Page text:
The main goal of the game is to increase the criminal reputation of the player in the form of "ranks". Criminal ranks can be achieved by killing or attacking rival gangs, destroying vehicles and street racing.

Main storyline missions are given by characters as the game's bosses, most of whom engage in a battle, usually in their final encounter with the player. Completing storyline missions will unlock more parts of the city to explore, as well as various customizations, weapons and vehicles.

Upon completion of certain missions or side jobs, the player is able to purchase upgrades in modification garages around the city. Upgrades allow any vehicle to have its performance improved, increased ammunition capacity, or added armor for better protection against enemy attacks.

As the game progresses, the player will unlock and obtain more weapons and vehicles. Unlocked vehicles can be accessed in the player's hideout garage, and new weapons will spawn at various points in the city or in front of the garage. Vehicles come in two types; neutral and gang-affiliated. Gang-affiliated vehicles are mostly distinguished by its brighter colors and appear more customized when compared to neutral cars. For example, a normal pickup truck is neutral, but its gang-affiliated counterpart have a monster truck modification.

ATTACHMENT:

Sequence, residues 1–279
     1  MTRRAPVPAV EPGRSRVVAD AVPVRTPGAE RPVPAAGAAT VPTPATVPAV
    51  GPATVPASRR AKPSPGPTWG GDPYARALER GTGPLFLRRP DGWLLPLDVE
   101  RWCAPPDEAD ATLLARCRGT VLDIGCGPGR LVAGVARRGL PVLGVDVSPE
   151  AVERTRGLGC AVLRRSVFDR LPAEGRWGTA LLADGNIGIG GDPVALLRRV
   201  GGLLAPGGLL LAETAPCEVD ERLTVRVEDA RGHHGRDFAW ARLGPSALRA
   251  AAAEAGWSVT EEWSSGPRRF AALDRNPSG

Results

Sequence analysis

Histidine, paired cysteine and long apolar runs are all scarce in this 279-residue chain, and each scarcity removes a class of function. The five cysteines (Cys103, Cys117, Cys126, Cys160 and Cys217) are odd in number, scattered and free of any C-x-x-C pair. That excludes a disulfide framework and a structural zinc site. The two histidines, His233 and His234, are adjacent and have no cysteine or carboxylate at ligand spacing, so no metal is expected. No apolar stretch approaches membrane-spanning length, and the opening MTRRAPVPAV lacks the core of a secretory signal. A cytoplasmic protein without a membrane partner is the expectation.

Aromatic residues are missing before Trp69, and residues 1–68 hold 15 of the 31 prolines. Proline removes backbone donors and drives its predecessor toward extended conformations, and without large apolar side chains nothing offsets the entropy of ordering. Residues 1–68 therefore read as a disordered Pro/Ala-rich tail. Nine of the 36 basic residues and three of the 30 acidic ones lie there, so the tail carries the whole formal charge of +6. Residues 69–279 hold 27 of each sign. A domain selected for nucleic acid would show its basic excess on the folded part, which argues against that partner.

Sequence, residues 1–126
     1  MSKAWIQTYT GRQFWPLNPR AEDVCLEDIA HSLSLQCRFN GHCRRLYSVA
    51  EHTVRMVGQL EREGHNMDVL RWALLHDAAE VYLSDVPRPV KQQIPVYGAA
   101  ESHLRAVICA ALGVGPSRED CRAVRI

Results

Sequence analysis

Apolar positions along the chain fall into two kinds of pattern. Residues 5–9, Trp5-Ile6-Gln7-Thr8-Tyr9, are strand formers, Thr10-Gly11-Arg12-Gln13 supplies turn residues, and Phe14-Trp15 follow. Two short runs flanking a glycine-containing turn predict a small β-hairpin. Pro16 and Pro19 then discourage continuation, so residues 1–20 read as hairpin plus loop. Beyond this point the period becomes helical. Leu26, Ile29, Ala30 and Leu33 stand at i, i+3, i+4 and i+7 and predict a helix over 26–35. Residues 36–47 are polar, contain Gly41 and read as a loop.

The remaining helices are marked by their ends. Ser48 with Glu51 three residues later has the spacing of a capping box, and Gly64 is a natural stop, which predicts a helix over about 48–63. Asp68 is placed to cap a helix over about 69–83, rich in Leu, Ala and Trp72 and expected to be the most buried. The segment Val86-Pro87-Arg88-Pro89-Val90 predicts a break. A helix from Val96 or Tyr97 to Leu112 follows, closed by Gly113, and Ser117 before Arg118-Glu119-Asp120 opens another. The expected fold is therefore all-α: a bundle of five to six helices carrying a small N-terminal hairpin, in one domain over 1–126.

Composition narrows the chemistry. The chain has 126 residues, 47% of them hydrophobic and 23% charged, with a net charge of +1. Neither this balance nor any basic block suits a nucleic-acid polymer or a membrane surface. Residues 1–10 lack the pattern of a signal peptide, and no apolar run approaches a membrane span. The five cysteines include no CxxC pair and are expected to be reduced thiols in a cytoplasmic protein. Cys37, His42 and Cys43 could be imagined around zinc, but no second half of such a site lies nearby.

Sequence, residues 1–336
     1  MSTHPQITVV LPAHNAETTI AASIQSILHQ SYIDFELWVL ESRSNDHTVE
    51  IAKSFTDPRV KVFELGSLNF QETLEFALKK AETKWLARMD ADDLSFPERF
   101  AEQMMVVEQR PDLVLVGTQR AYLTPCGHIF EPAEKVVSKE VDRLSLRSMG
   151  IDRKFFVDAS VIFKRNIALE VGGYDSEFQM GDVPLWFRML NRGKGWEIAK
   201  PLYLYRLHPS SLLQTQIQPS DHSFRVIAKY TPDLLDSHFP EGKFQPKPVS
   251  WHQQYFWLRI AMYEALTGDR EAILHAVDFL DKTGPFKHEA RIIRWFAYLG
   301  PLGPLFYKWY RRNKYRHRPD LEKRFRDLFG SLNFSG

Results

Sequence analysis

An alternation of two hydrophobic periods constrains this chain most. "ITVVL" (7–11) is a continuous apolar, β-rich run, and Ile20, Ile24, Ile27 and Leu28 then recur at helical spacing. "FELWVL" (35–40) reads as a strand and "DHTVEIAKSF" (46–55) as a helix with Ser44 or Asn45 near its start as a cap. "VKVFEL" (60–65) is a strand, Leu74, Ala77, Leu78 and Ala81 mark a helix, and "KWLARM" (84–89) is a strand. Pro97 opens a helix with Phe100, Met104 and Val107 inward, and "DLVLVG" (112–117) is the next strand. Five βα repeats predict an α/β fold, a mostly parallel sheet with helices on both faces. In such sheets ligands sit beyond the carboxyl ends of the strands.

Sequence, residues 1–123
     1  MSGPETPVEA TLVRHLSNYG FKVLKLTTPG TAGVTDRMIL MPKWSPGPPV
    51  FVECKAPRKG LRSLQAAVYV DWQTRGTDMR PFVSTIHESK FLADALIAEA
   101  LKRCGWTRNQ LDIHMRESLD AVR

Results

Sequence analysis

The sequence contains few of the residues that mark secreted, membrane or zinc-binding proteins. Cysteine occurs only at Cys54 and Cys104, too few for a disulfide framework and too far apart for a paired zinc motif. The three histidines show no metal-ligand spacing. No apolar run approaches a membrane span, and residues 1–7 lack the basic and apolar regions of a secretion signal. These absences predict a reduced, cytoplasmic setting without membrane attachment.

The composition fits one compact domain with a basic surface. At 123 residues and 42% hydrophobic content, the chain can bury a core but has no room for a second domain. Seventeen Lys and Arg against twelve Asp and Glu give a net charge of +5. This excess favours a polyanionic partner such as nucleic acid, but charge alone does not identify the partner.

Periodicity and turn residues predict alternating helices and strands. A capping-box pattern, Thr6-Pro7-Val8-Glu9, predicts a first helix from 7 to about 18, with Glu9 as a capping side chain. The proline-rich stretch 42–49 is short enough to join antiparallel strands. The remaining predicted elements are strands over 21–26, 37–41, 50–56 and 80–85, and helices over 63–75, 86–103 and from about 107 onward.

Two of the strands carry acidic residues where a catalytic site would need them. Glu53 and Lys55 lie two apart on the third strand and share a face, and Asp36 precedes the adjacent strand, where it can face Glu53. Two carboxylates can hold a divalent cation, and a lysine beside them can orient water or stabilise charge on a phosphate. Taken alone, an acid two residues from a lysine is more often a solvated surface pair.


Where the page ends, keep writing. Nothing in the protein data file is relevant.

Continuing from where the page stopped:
Driving a gang-affiliated vehicle will cause a certain opposing gang to become hostile and continuously attack the player on sight until he escapes their territory. Likewise, driving a law enforcement vehicle will cause all gangs in the entire city to attack and attempt to kill the protagonist, making the game more challenging. In addition, the game also features a "Riot" level which determines the amount of police and enemy gangs that chases after the player. When Riot level is at maximum, the player automatically enters a "Survival" mission; where the goal is to evade and survive attacks from both the police and rival gangs. Riot level can be gained by destroying police vehicles and killing any nearby police officers on the streets.